Their nutrition comes from things in soil, such as decaying roots and leaves. Animal manures are an important food source for earthworms. They eat living organisms such as nematodes, protozoans, rotifers, bacteria, fungi in soil. Worms will also feed on the decomposing remains of other animals.
Worms eat organic matter. Anything that has been living eventually becomes worm food. That includes dead plant material, fruits, vegetables, and microbes, both dead and alive. Even you and I would become worm food, given enough time and decomposition by nature's other decomposers.
Items you cannot compost in a worm bin:
Lemon, lime, orange or other citrus peels and juice (in excess this will make the soil too acidic) Onions and garlic (a good rule of thumb is if it makes you smell, it makes your worm bin smell) Meat, fats, grease, bones or oils (no butter, lard, stocks, soups, etc)
Earthworms consume coffee grounds and deposit them deep in soil. This may account for noted improvements in soil structure such as increased aggregation.
Carrots are a good worm food but you have to consider that worms don't feed on materials that are fresh so the carrots and any other organic material that you add to your worm farm has to start to decompose to enable the worms to feed on it.
1.By adding rotting organic material like manure or compost to your garden you are providing the ideal food for worms. They will actively seek this food out and come from a far for it. Not only that, but the manure/compost will add their own nutrients and moisture too into the lawn!
eggshells - worms simply can't eat them. They will still be there when you remove the worm castings, and you'll have eggshells in the garden. Eggshells are good for the garden, so if you crush them up, and put them in the worm farm, they'll end up adding calcium to your soil.
Bananas are a great and inexpensive snack for both us and our worms. Those peels are desirable to compost worms no matter what shape they're in. They'll make short work of what otherwise would have taken up space in your trash.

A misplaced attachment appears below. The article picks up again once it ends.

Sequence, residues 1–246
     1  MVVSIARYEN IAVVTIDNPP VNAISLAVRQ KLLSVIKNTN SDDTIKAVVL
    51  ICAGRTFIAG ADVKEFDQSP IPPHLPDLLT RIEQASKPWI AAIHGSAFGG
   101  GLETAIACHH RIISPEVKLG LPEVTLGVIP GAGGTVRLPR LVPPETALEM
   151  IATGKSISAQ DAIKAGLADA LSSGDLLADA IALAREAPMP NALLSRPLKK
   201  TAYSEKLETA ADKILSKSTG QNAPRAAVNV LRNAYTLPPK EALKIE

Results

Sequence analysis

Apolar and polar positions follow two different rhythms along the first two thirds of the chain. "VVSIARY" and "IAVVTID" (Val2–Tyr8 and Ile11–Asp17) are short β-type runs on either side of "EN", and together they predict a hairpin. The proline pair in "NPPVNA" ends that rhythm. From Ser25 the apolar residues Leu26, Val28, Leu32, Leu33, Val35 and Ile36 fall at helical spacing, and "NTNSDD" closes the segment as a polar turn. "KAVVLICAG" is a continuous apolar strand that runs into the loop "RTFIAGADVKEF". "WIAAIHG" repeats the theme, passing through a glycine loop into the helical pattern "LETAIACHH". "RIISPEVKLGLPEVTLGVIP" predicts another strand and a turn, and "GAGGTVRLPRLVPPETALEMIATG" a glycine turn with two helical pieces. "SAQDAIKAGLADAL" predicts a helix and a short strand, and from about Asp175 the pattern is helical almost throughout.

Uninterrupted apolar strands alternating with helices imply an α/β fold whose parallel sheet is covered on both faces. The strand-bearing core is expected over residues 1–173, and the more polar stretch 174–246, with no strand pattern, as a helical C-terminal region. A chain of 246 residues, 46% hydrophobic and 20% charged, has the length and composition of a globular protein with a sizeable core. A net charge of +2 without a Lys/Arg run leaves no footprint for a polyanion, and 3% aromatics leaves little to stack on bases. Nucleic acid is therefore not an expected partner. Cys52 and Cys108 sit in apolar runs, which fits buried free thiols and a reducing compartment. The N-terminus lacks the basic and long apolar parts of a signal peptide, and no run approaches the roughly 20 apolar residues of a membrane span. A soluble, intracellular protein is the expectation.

Let's dive in! *Tomatoes are slightly acidic, but worms still seem to like it and will tolerate it just fine in moderation. Whether you have an abundance of melon rinds, spoiled apples or fruit trimmings, you can feed them to your worms by slicing them up into manageable portions.
Worms will eat anything that was once living, Leftover vegetable scraps, fruit and vegetable peelings. Tea leaves / bags and coffee grounds.
Worms hate: meat or fish, cheese, butter, greasy food, animal waste, spicy and salty foods, citrus.” The food-to-worm ratio is not precise, nor is the amount of castings they will produce. The rule of thumb is that a pound of worms will eat one to two pounds of food in a week.
Although worms do think cardboard and paper are delicious, it is not, in fact, nutritious. A diet too heavy in cardboard and paper doesn't add much nutritional value to your worms, and if they're not eating properly, they won't be able to compost efficiently (source).
Yes, in moderation, bread, and in fact, all grain based foods, are worthy of your worms' processing power. Stale bread remains just as full of nutrients and building blocks for worm growth as the fresh stuff. However, these starchy foods can end up a gooey mess.
Worms do not drink water through their mouths, but they do need water to live. How much water is enough? To understand this answer, you need to know how worms breathe. Worms use their skin for breathing and not a set of lungs.
One of the surest ways to not only grow big worms, but also keep your worms healthy, is to spray you worm bedding and added food with a weak mixture of VermaPlex® (a liquid soil inoculant fertilizer made from worm castings) and water (80 parts water to 1 part VermaPlex®).
Worms are ready to breed once they mature from 50 to 90 days. Earthworms are hermaphrodites; they can be male or female (a great advantage!). They can perform both male and female functions and mate every 7 to 10 days. The mating process takes around 24 hours.
Worms can live as long as four years. When worms die in the bin, their bodies decompose and are recycled by other worms, along with the food scraps. Worm castings are toxic to live worms.
Hi Beverley, cooked vegetables are fine in worm farms as long as they have not been cooked in fat or oil as this will attract vermin to your garden. Boiled vegetables are fine. It is best to chop food up for the worms so that they break it down quickly.
Worms love an environment with a moisture content of 70% or more. Food wastes usually contain about 80 per cent water and this will be released as the worms break down the food scraps. However, it will remain in the bedding for a long time before eventually draining out, so it's important to add water as well.
Bread, rice, pasta, processed foods - you can add the odd crust or bits of cooked rice off the dinner plate, but don't add lots of starchy foods. Worms don't like them and they may go off or attract pests.